What was striking about the Lake Michigan metaphor is that, if you added water at that pace, for a long time it will look as if nothing is happening ... and then all of the sudden, you'll finish. There's a wonderful GIF image in the article that illustrates this vividly, but the text works too.
Suppose it’s 1940 and Lake Michigan has (somehow) been emptied. Your job is to fill it up using the following rule: To start off, you can add one fluid ounce of water to the lake bed. Eighteen months later, you can add two. In another 18 months, you can add four ounces. And so on. Obviously this is going to take a while.
By 1950, you have added around a gallon of water. But you keep soldiering on. By 1960, you have a bit more than 150 gallons. By 1970, you have 16,000 gallons, about as much as an average suburban swimming pool.
At this point it’s been 30 years, and even though 16,000 gallons is a fair amount of water, it’s nothing compared to the size of Lake Michigan. To the naked eye you’ve made no progress at all.
So let’s skip all the way ahead to 2000. Still nothing. You have—maybe—a slight sheen on the lake floor. How about 2010? You have a few inches of water here and there. This is ridiculous. It’s now been 70 years and you still don’t have enough water to float a goldfish. Surely this task is futile?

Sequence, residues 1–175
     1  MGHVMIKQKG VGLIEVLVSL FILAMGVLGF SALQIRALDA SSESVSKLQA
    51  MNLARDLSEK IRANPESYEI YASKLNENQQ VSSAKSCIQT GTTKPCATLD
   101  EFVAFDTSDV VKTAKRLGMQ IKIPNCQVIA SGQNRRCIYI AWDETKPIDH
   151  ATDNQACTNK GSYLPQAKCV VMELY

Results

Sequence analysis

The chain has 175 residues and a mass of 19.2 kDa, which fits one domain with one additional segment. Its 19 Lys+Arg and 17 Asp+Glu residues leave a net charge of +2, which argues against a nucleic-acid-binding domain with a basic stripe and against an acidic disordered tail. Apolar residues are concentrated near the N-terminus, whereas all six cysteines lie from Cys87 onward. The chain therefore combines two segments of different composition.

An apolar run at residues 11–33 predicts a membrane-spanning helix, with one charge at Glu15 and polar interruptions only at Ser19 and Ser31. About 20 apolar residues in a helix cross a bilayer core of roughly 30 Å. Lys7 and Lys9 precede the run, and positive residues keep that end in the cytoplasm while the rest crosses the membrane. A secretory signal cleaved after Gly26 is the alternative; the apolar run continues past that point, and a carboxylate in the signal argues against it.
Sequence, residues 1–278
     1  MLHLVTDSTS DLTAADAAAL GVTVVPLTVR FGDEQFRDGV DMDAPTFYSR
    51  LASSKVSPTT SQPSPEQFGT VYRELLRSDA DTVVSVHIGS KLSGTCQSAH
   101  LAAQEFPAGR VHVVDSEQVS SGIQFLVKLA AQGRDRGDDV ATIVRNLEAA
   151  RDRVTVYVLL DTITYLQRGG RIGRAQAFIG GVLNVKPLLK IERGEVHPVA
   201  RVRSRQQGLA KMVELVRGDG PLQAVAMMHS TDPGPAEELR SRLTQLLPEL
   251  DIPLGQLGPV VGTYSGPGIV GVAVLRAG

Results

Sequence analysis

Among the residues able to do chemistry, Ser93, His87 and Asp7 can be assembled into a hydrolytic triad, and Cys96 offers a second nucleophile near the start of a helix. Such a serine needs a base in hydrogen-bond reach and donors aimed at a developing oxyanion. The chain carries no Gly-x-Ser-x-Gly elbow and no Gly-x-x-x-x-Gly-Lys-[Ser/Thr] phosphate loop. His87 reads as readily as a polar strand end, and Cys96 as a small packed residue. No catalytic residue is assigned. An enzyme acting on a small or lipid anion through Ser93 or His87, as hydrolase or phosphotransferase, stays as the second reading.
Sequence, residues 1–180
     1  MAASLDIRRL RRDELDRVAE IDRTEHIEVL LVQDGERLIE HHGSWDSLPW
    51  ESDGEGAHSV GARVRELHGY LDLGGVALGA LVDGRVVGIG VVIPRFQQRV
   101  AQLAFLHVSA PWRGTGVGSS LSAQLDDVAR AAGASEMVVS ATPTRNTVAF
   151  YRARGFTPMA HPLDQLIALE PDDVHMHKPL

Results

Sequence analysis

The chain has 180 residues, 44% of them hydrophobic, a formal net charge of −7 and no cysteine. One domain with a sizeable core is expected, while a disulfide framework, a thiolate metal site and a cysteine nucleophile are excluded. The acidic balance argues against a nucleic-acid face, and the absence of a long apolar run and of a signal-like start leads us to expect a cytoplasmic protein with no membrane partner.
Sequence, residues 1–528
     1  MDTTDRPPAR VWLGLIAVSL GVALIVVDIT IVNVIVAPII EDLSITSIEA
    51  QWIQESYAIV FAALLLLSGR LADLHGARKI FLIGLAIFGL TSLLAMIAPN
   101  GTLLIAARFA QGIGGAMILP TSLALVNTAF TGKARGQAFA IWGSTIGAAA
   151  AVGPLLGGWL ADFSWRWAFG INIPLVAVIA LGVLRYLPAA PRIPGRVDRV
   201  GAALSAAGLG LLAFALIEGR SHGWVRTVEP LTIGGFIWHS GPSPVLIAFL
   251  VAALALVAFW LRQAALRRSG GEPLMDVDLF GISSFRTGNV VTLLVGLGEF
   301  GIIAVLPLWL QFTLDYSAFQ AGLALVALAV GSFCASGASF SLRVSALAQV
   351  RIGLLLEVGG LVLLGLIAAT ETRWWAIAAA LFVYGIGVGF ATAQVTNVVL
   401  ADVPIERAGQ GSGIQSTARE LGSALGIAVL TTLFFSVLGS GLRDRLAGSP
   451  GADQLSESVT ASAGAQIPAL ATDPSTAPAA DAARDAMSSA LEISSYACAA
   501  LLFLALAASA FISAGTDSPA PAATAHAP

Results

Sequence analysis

But wait. Just as you’re about to give up, things suddenly change. By 2020, you have about 40 feet of water. And by 2025 you’re done. After 70 years you had nothing. Fifteen years later, the job was finished.
If we set the start date at 1940 (when the first programmable computer was invented), we'd see virtually no material progress until 2010, but we'd be finished by 2025. It's now 2022. We're almost there!
That we might be in that transitional moment where "effectively no progress" gives way to "suddenly, we're almost done" means we have to start thinking now about what to do with this information. What does it mean for the legal profession if, for most positive legal questions, an AI fed a prompt can give a better answer than most lawyers? What does it mean if it can give a better answer than all lawyers? There's still some hope for humanity on the normative side -- perhaps AI can't make choices about value -- but still, that's a lot of jobs taken off line. And what about my job? What if an AI can give a better presentation on substantive due process than I can? That's not just me feeling inadequate -- remember article #1: AI won't just be better than humans at some things, it will be better at all things. We're all in the same boat here.
What does that mean for the concept of capital ownership? Once AI eclipses human capacity, do we enter an age of permanent class immobility? By definition, if AI can out-think humans, there is no way for a human to innovate or disrupt into the prevailing order. AI's might out-think each other, but our contribution won't be relevant anymore. If the value produced by AI remains privatized, then the prospective distribution of wealth will be entirely governed by who was fortunate enough to own the AIs.
More broadly: What does the world look like when there's no point to any human having a job? What does that mean for resource allocation? What does that mean for our identity as a species? These questions are of course timeless, but in this particular register they also felt very science-fiction -- the sorts of questions that have to be answered on Star Trek, but not in real life, because we were nowhere near that sort of society. Well, maybe now we are -- and the questions have to be answered sooner rather than later.